Applications of conversational AI within the organisation
Chris Wiggett, Head of Data and Analytics at Dimension Data, talks ChatGPT, DeepMind, AI and the evolution of intelligence and how this future can shape the potential for business for today and tomorrow.
OpenAI was established in 2015 and DeepMind in 2010. Both companies have been singularly focused on the potential and power of artificial intelligence (AI) and garnered significant media and consumer interest. OpenAI is associated with Microsoft, which invested billions into the partnership and the highly anticipated AI-powered Bing release incoming. On the other hand, DeepMind is associated with Google, as the tech giant acquired the entity for more than $500 million in 2014. Both these companies are among many investing in the potential of AI, which makes it critical that the organisation start asking questions around AI – what it means for the business, how it can be applied to the business and what are the challenges when it comes to implementing it.
The world is set to profoundly change thanks to the advent of AI that can think, act and reason on its own. While there are numerous experts, papers and headlines talking about how these shifts in AI capability are the most significant human advancements in the past 100 years, it’s important not to get caught in the drama of the moment.
AI is set to have an impact on the business, but it is also a tool, a tool that comes with its fair share of complexities and challenges. AI machines are data hungry and expensive. Consider that Microsoft has spent millions on a supercomputer that connected tens of thousands of Nvidia A100 chips and server racks to create the backbone of ChatGPT – and it still isn’t 100% reliable. There’s also the risk that the outcome of the investment isn’t necessarily clear from the outset, which makes the technology both expensive and untested when it comes to ROI. To see the value of AI, organisations need to implement fast, test faster and see measurable results.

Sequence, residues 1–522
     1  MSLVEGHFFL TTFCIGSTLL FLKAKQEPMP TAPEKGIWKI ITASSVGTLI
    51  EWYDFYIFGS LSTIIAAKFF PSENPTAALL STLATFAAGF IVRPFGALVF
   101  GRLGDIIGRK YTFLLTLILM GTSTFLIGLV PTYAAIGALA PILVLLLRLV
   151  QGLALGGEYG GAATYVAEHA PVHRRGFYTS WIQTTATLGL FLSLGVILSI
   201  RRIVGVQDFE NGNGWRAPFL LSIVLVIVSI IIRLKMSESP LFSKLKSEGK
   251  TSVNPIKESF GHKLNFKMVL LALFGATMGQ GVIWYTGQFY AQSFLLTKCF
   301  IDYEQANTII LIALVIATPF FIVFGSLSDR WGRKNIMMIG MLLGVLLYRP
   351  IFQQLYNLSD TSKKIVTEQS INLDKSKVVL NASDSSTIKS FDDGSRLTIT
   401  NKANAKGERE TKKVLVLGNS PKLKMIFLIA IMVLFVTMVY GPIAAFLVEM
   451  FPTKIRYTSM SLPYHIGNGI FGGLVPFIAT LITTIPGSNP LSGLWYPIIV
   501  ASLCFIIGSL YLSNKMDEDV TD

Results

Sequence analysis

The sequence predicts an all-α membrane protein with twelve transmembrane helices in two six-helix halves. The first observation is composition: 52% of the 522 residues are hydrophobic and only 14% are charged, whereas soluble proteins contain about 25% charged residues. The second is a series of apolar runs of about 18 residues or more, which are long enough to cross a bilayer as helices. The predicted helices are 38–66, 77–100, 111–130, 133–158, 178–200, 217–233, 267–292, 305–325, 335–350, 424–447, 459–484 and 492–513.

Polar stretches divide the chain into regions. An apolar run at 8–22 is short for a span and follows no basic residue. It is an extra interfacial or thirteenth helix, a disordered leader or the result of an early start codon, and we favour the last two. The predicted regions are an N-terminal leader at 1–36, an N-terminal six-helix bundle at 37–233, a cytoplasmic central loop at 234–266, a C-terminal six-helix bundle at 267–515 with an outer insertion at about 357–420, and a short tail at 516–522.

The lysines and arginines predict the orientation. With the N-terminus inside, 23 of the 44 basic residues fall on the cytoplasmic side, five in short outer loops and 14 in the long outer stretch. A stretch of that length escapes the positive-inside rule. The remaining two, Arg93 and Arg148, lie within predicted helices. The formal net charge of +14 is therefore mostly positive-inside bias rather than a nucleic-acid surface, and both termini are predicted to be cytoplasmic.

Another challenge with current AI offerings is that even with their impressive capabilities and repertoire, they give the same answers to everyone. The competitive advantage isn’t the AI, not if all those using the same system get the same results.
But what if you can implement your AI rapidly while taking on new metrics and algorithms that allow you to harness the full potential of a transformative AI solution? This is where the business can arrive at the point where the AI provides an entirely different perspective on the input data and variables and immediately delivers on both competitive advantage and value. Organisations need a solution that brings all these benefits together into a cohesive whole while reducing latency and streamlining implementation.
This solution should help organisations manage their bottom line and shift the narrative around AI from a threat factor to an enabler. If AI is given the space and tools it needs to empower the business and allow for teams to undertake highly complex work at a fraction of the time, with significantly fewer errors, then it can be harnessed to enhance potential and better service customers. The business wants an AI that will provide unique insights into their business through algorithms and approaches that are relevant, quick to market and accessible.
After all, the arrival of ChatGPT and the multitudes that now follow in its footsteps have woken up the market to what AI can do, what its potential can help them do. Now, it is time for innovation from within the business to take the reins, leveraging AI technology that creates real value, that delivers a unique IP. And in South Africa, there are solutions like Dimension Data’s Delta that have been designed with the business in mind, bringing algorithms within the business that have multiple applications across different scenarios and that don’t eat bandwidth or compute. Built with real-world applications in mind, it’s another rung on the AI ladder that can help the business shift into AI gear and benefit from what it has to offer.